If you followed the first project, isochronic tones with square waves, you may not like the sound it produces but it's very effective in entraining the brain to produce alpha waves.
For our next project we'll create another tone using sine waves which are a little bit friendly to the ears. The pitch or carrier frequency and the isochronic beat will be the same as the previous project.
- pitch or carrier frequency: 194.18hz
- isochronic beat: 10hz
The image below will be our target isochronic waveform.
If you haven't already done so, open the audacity audio editor.
1. Click Generate/Tone..
2. Enter the data you see in the image below:
The waveform is quite different from the previous project. You can adjust the display to your needs by zooming in our out. Here are the menu and keyboard equivalents:
|zoom in||View/Zoom In||Ctrl+1|
|zoom out||View/Zoom Out||Ctrl+3|
Although this waveform is more pleasant than the square wave, we can make it more pleasant by fading it in and out. Here's how to do it:
- Press Ctrl+a to select the whole track.
- Click Effect / Cross Fade In
- Click Effect / Cross Fade Out
- Click Effect / Normalize...leave the check marks on the two checkboxes from the dialogue box. Click Ok
You'll get the following waveform:
Notice the abnormal waveform somewhere at the end of the track. We'll clean that up after we generate the silence part.
4. Generating silence
The silence or no sound portion should be the same length as the tone. Go to the end of the track by clicking Edit/Move Cursor../to Track End. The keyboard shortcut is the End key.
Now that we have the cursor at the track end, it's now to insert silence of the same duration (0.05 sec.). Click Generate/Silence... and a dialogue box would prompt you for the length of silence in seconds. Enter ".05" without the quotes then click Generate Silence. Zoom out the track and you'll see the waveform like the image below.
Let's clean up that abnormal waveform in the center. What we'll do is to silence that part so that the tone will sound good, leaving that alone will produce an annoying click sound. Here are the steps:
- Highlight the area by clicking somewhere on the left of the abnormal waveform and dragging the mouse to the right of it.
- Zoom in so that the abnormal waveform will be magnified. Now you will know what area to silence.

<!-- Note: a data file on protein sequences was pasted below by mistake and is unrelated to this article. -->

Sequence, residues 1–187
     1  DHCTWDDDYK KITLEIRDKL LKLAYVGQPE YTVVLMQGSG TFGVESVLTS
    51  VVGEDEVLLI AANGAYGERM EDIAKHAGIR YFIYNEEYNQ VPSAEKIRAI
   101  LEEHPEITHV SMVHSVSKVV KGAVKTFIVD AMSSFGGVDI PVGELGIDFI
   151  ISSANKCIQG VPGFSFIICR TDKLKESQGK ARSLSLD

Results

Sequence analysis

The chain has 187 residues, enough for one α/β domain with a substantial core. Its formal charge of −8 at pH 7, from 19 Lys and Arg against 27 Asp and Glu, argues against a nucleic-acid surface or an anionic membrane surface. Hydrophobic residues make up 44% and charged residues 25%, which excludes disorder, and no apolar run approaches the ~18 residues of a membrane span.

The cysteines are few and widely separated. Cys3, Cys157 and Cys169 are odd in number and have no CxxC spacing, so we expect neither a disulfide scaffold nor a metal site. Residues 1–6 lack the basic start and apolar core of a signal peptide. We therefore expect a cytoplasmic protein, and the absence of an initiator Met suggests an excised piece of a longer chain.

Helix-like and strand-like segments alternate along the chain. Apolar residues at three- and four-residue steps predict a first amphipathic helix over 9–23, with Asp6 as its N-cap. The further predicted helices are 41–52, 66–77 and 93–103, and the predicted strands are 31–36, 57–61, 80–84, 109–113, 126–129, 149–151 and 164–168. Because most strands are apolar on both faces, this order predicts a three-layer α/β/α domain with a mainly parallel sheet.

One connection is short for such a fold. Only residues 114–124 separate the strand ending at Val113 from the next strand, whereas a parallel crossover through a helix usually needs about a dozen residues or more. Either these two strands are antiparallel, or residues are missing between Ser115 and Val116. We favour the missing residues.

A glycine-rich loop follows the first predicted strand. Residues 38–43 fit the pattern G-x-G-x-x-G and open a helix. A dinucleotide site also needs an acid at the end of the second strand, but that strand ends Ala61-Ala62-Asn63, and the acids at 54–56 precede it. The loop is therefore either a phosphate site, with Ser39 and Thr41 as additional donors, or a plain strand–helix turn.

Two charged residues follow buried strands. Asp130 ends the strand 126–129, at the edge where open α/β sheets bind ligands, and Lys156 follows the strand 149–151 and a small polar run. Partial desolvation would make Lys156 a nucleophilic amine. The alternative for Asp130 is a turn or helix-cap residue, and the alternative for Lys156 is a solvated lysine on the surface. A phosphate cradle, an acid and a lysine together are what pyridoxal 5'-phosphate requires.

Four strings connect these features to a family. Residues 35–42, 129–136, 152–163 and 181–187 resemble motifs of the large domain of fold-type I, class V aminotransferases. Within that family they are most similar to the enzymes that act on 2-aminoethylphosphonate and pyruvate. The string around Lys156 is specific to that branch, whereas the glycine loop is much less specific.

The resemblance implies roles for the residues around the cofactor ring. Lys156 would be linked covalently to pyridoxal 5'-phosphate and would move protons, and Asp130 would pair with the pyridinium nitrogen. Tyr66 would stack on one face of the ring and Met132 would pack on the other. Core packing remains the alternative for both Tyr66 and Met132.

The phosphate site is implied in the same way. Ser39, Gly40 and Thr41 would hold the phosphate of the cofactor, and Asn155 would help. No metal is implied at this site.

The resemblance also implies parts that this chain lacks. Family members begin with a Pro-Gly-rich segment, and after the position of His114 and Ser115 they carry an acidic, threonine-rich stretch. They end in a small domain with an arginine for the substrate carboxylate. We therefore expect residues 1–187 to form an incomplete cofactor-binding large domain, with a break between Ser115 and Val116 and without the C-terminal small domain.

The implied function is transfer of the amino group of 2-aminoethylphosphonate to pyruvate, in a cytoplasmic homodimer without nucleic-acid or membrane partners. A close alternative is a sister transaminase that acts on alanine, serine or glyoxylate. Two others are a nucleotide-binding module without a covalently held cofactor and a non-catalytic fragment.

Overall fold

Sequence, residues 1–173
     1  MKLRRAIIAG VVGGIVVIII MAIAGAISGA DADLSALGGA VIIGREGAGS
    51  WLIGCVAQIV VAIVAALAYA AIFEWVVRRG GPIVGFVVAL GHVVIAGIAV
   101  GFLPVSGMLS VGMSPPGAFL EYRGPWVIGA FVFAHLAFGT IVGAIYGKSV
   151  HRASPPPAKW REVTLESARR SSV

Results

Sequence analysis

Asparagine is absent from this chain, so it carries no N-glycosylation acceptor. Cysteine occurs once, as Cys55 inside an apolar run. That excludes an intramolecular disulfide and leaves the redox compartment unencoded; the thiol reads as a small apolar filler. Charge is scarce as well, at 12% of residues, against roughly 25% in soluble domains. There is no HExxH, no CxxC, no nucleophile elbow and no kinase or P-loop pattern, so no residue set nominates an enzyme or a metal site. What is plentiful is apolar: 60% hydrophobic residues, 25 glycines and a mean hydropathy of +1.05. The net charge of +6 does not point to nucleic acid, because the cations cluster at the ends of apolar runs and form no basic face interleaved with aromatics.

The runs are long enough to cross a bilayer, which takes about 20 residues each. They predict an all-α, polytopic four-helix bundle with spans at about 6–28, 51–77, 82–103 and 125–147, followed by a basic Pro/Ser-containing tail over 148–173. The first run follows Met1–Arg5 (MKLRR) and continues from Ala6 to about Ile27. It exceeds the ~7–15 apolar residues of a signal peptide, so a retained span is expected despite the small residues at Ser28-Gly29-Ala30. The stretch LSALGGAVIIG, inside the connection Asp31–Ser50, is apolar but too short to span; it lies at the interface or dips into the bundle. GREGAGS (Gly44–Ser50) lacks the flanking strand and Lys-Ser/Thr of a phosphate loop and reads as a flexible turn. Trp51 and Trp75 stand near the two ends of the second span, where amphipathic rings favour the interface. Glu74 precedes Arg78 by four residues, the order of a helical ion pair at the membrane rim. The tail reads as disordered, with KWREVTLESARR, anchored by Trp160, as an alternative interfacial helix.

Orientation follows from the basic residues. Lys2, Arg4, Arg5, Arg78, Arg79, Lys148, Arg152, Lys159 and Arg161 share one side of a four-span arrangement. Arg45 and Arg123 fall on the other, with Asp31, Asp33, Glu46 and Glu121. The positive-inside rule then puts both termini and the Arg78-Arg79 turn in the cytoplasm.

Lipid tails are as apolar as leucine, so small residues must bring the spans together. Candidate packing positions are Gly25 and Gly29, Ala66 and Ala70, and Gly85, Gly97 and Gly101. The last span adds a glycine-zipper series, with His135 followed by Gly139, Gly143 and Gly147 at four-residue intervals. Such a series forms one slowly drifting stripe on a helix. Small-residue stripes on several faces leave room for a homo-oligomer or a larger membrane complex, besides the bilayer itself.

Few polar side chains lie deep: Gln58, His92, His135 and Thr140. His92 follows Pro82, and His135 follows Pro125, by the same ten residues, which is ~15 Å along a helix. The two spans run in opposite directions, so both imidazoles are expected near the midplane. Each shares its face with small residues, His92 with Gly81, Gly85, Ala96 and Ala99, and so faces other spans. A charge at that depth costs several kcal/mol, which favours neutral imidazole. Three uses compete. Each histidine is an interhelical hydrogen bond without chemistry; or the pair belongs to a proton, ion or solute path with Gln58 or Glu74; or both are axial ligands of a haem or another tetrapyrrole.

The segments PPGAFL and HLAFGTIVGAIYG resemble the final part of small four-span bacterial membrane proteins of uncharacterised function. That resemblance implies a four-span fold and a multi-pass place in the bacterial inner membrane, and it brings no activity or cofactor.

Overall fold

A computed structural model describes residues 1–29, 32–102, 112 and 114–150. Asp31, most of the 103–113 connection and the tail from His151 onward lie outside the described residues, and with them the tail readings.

- Highlight the abnormal area to select it.
- Click Effect / Amplify...
- At the dialogue box, drag the slider all the way to the left then click OK.
Zoom out the view and the waveform should now look like this:
That's it, you can now replicate that waveform till you reach your required length of iso tones.
5. Replicating the full wave - same as the previous project.
Select all of the items in the track by clicking Edit/Select All. The keyboard equivalent is Ctrl+a. Now that the whole cycle is selected, copy it to the clipboard by clicking Edit/Copy - keyboard equivalent is Ctrl+c.
Bring the cursor to the track end by pressing the end key then paste the contents of the keyboard by clicking Edit/Paste or pressing Ctrl+v. Do this sequence 9 times to create a 1 second tone.
Copy all of the 1 second tone to the clipboard and paste it 9 times to get a 10 second tone.
Copy the the 10 second tone to the clipboard and paste it 5 times to get a 1 minute tone and so on....
The tone should be a lot better to listen that the square wave version.
6. How long should the tone be?
Studies have should that you can entrain your brainwaves to a specific frequency within 6 minutes depending on where you brainwave was pulsating before you started listening to the isochronic tone. If you are already relaxed when you start listening, your brainwave can be entrained earlier compared to being in an active state before the start. 15 minutes is a good length of time for relaxing purposes.
After you have created your desired length of isochronic tones, you can now export it as a .wav file. Click File/Export as Wav.. A dialogue box will prompt you for a filename and the location for the file.
Meditation can give a lot of benefit for your mind, body and soul. To get into a meditative state requires a lot of practice and it could take months to experience the benefits of meditation. The idea of meditation is to reach the alpha or theta state and stay there for a length of time. It's the state of being between waking and sleeping. The alpha brainwave state is nearer the waking state while the theta brainwave state is nearer the sleeping state. We normally pass those states when we go to sleep spending just a little time in those states before falling asleep. In meditation, you extend that length of time in those states thereby reaping the benefits of being in that state.
There are many techniques of getting into a meditative state: thinking of only one thing, counting backwards, tensing and relaxing your muscles...and so on. After you have successfully reached that state, the problem now is maintaining or staying in that state. We will either fall asleep or get back into beta or waking state.
The beauty of isochronic tones can bring us to the meditative state in a much shorter period of time and staying in that state longer. Say you're entraining for an alpha frequency of 10hz: if you'll get sleepy, the tones will pull you back to the alpha brainwave since your brain is already entrained to that state and is the dominant brainwave frequency. Likewise if you snap back to beta because of a disturbance such as a loud noise, the tones will also pull you back to the alpha state.
I'll talk about the influence of the conscious and subconscious minds during meditation later. Meanwhile enjoy your newly created isochronic tones.